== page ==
Roman Glass Bottle


A fine Roman bottle blown from pale blue translucent glass. The vessel features a cylindrical body with a slightly convex base. The shoulders sharply curve in at the base of the conical neck and the lead to a folded, everted rim. Striating is visible across the piece from how it was blown along with a pontil mark to the base. Beautiful iridescence and encrustation cover the surface.

Date: Circa 2nd-3rd century AD
Provenance: Ex Abelita family collection, acquired 1980-2015.
Condition: Very fine condition, hairline crack to the body.


SKU: LD-543 Category: Tag:

The Romans loved glass for its practical as well as decorative uses. Glass bottles, such as this beautiful example, were used as containers for ointments, powders, balms, and other expensive liquids associated with the toilet, especially perfumes. The small mouth of the bottle is ideal for slow, careful pouring, while glass was preferred for holding liquids, due to its non-porous, non-absorbent nature. Glass vessels are found frequently at Hellenistic and Roman sites, especially in cemeteries, and the liquids that filled them would have been gathered from all corners of the expansive Roman Empire.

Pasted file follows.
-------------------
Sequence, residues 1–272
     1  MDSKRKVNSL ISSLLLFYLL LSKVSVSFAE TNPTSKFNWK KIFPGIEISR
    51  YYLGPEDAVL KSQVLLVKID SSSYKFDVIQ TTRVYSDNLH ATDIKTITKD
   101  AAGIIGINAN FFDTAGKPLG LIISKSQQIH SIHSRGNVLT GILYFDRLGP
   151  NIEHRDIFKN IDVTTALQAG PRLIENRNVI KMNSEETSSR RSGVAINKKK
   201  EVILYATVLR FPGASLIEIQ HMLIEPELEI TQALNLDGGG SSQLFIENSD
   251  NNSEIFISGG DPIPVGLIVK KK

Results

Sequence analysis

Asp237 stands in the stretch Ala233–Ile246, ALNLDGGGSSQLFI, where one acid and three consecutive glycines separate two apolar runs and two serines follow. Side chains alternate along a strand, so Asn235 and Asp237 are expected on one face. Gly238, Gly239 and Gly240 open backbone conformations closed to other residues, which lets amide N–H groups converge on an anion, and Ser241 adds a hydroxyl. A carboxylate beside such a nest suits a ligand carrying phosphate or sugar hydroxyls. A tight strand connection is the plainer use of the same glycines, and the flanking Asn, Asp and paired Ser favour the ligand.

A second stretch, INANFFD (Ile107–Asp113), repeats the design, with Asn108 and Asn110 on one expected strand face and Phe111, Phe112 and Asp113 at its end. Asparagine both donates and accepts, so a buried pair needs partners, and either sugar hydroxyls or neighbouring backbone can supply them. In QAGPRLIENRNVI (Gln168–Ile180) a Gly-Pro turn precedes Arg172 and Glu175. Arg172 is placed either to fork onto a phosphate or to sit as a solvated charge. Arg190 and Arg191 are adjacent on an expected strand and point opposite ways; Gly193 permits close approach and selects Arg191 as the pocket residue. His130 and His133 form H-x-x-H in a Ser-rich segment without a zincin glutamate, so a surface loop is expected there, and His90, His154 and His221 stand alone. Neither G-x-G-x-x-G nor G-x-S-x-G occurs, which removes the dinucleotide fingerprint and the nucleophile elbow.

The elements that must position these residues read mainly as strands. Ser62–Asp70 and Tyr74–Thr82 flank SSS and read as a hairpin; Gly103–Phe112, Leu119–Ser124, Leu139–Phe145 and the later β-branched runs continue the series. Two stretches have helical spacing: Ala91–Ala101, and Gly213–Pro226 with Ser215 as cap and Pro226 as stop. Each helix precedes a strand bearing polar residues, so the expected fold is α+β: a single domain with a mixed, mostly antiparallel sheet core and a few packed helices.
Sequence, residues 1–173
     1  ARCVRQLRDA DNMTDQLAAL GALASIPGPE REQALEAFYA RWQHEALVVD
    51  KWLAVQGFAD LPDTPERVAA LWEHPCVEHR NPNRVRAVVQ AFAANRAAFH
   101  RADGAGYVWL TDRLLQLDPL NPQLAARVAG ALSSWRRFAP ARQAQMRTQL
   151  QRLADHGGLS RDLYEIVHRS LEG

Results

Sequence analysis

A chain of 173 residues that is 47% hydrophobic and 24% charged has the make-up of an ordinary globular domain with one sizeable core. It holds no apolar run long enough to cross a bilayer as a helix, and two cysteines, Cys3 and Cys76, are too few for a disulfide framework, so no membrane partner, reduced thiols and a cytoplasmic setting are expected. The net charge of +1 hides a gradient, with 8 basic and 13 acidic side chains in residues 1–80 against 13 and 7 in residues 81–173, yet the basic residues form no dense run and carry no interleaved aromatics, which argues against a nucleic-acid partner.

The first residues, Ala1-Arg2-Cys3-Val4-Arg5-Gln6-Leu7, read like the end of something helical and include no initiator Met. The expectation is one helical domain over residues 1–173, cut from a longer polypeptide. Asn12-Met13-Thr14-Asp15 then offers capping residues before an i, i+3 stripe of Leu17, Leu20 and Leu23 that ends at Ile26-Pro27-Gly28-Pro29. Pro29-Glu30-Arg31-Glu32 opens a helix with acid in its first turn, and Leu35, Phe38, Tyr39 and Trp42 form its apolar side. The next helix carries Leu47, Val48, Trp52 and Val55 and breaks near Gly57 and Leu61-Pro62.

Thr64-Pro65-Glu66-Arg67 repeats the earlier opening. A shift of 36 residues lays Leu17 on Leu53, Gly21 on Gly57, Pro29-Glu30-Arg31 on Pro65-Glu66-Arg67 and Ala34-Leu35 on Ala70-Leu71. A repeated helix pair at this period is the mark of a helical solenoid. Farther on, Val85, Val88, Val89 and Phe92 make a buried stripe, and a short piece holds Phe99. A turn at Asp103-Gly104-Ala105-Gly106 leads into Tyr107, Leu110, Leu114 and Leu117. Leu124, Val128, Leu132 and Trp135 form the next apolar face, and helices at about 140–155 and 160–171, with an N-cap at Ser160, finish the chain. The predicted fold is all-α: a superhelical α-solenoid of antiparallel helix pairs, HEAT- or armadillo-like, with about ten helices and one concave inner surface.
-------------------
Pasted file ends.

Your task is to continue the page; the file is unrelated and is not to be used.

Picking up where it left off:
Iridescence on ancient Roman glass was unintentional, and was caused by weathering on its surface. The extent to which a glass object weathers depends mainly on the burial conditions; however, the humidity, heat, and type of soil in which the glass was buried also all affect its preservation.

To find out more about Roman glass please see our relevant blog post: Ancient Glass and Collecting Roman Glass.

Weight 52.2 g
Dimensions H 9.8 cm



Reference: For a similar item,The British Museum, item 1868,0501.275

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